Taiwan has become a popular term in Geneva, as Taiwanese nongovernmental organizations and the government push for the nation’s participation in this year’s World Health Assembly (WHA), Minister of Health and Welfare Chen Shih-chung (陳時中) said yesterday in the Swiss city.
Taiwan had hoped to attend the WHA that opens today as an observer, as it did from 2009 to 2016, but was not invited for a third year due to China’s obstructionism.
Despite the snub, Chen on Friday left for Geneva at the head of a delegation to publicize Taiwan’s contributions to global health.
Chen said that he had attended two bilateral meetings since his arrival in Geneva.
“One meeting was with Saint Lucia, and we mainly shared our experiences with the National Health Insurance system and personnel training,” he said. “The other was with a Southeast Asian country, which was mainly about Taiwan’s medical cloud, and their eyes widened when they heard about it.”
Members of Taiwanese civic groups and several expatriates yesterday wore T-shirts with the words “Health for all with Taiwan” as they handed out pamphlets and leaflets in four languages outside the UN’s Palais des Nations, he said.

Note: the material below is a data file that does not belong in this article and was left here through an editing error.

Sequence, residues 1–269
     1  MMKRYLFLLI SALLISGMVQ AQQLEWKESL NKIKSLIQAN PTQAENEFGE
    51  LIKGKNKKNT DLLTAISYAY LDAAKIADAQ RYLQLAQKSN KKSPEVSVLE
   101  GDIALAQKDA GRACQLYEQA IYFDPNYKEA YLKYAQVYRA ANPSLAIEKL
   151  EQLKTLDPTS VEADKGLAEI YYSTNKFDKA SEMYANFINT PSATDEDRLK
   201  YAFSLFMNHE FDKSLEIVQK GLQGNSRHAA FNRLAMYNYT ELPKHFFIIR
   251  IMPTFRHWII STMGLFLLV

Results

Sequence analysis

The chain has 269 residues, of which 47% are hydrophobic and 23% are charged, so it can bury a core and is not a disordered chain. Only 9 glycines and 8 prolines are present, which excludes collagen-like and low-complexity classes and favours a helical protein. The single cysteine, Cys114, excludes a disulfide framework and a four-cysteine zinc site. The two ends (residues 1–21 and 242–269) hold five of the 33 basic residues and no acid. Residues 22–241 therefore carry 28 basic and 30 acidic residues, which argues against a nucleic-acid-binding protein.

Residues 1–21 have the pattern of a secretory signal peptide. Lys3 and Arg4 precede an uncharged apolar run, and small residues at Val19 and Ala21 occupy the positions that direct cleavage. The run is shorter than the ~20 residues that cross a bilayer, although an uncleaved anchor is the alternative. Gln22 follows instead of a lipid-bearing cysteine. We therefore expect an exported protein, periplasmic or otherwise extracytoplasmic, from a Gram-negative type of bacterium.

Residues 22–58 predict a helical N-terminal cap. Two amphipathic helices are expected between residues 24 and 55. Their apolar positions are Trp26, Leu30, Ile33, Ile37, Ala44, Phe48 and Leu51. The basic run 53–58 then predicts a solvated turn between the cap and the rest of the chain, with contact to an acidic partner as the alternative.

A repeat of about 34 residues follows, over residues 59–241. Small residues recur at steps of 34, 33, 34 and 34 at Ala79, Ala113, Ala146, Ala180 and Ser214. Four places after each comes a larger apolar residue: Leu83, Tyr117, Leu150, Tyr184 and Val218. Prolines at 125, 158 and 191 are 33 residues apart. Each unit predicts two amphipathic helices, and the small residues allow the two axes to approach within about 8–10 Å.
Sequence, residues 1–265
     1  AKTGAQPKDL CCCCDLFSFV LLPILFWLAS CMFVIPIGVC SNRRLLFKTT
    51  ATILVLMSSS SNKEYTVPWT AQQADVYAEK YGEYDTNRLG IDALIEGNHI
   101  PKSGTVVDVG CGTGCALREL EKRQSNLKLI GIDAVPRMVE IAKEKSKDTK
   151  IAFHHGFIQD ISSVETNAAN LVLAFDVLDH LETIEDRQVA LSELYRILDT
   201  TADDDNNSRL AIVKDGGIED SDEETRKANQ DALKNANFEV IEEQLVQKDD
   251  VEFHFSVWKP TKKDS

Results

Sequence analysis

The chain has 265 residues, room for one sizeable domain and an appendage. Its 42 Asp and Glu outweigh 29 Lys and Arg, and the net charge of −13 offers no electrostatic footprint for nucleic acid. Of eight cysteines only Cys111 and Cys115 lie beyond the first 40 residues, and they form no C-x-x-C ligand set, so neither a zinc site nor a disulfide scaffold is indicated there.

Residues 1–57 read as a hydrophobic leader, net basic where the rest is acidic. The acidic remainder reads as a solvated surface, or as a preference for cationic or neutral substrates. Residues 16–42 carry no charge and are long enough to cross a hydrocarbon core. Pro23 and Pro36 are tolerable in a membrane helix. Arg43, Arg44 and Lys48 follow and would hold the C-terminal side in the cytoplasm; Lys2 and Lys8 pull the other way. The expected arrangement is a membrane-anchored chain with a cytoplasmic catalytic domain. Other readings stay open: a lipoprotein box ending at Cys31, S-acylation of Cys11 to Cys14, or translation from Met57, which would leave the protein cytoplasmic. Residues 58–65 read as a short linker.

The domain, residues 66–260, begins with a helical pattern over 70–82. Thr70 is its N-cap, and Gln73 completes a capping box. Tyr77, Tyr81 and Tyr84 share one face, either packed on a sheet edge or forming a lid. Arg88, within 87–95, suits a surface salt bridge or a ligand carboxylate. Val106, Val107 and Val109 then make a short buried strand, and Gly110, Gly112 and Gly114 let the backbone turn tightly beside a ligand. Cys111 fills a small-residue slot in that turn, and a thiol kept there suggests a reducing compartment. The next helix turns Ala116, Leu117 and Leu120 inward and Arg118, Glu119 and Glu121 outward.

Advertisements emblazoned with “Health for all, Taiwan can help” are also displayed on five TaxiBikes, the electric bicycle cabs available in downtown Geneva, as well as on the shuttle van that the delegation is using during its stay, he said.
Similar ads can also be seen near the hotels where WHA delegations are staying.
“Taiwan has become a popular term in Geneva now,” Chen said. “We are very grateful for everyone’s support.”
The Taiwan Association for Global Health Diplomacy has a booth in the Geneve-Cornavin Train Station to promote Taiwan’s interest in using its advanced telemedicine technology to help other nations and contribute to global health.
Members of the Taiwan United Nations Alliance (TAIUNA) yesterday staged a flash mob outside the Permanent Mission of the People’s Republic of China to the UN Office in Geneva to protest against China’s suppression of Taiwan.
TAIUNA members said they would also try to make Taiwan’s presence felt in Geneva by attending yesterday’s Walk the Talk, a warm-up organized by the WHO for the annual WHA meeting, which is expected to attract up to 1,000 participants from various nations.
Chen said he hoped bilateral meetings with representatives of the US, Japan and other nations would lead to substantive results, and that he plans to hold a news conference today to promote Taiwan’s stance.
The Chinese Nationalist Party (KMT) on Saturday urged China to offer an olive branch by sharing epidemic prevention information with Taiwan through the WHO.
Such a gesture might appeal to Taiwanese and lead to win-win outcomes, the KMT statement said.
It also urged the WHO to include Taiwan at its meetings, as having the highest attainable level of health is a fundamental rights of every human being, according to the WHO constitution.
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